EagleTribune.com, North Andover, MA

Opinion

May 17, 2013

Letter: N.H. Senate water bill threatens property rights

To the editor:

On May 22, the New Hampshire House of Representatives will vote on Senate Bill 11. It was written to enable Exeter and Stratham to jointly form a water-sewer district. But that capability already exists in state laws that enabled the creation of the Merrimack Valley Regional Water District.

The bill is unnecessary and should be killed. It contains broad, far-reaching language, including this:

“Therefore, the general court declares and determines that the waters of New Hampshire constitute a limited and precious public resource to be protected, conserved and managed in the interest of present and future generations.”

The “waters of New Hampshire” could be broadly interpreted to mean that all water resources are defined as public resources, regardless of location, source (lakes, river streams, ponds, wells) or whether public or private property.

This would set a dangerous unconstitutional precedent. It could also lead to private wells and septic systems being taxed and “protected, conserved and managed” by newly created, powerful government bodies – whether or not you wish to participate in a water-sewer district.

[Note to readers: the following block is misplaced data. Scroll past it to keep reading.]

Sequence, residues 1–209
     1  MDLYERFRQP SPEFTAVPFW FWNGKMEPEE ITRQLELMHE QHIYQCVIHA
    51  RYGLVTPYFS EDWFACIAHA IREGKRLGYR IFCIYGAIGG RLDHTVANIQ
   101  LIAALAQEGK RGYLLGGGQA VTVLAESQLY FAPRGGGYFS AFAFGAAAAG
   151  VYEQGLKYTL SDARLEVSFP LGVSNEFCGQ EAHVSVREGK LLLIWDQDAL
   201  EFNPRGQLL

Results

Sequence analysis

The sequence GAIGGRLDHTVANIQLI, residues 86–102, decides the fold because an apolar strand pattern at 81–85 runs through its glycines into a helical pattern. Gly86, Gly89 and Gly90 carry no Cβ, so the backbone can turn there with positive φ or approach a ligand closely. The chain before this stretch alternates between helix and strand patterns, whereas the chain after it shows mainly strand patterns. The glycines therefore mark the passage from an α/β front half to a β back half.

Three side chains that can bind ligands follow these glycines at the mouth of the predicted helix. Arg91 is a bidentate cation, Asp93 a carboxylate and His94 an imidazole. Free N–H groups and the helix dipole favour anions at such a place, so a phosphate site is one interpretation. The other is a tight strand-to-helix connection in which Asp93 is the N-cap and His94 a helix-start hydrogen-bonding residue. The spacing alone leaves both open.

SB11 also puts into question the ownership of rain. Several states regulate the collection of rainwater. An Oregon man was fined over $1,500 and sentenced to 30 days in jail for collecting rainwater for personal use.

Another concern is the responsibility for the management of wastewater: “This requires careful stewardship and management of water and wastewater within the state.”

The bill does not define “wastewater,” which could lead to radically different interpretations – and serious consequences. For instance, the EPA classifies rainwater runoff (including water that flows off your roof and driveway) as a pollutant and includes it as part of its definition of wastewater.

In 2010, the EPA mandated that Maryland control rain water runoff. The projected cost is $14.8B and led to a tax on rain, based upon the percentage of “impervious surfaces” (roofs, driveways, parking lots, etc.) on personal property.

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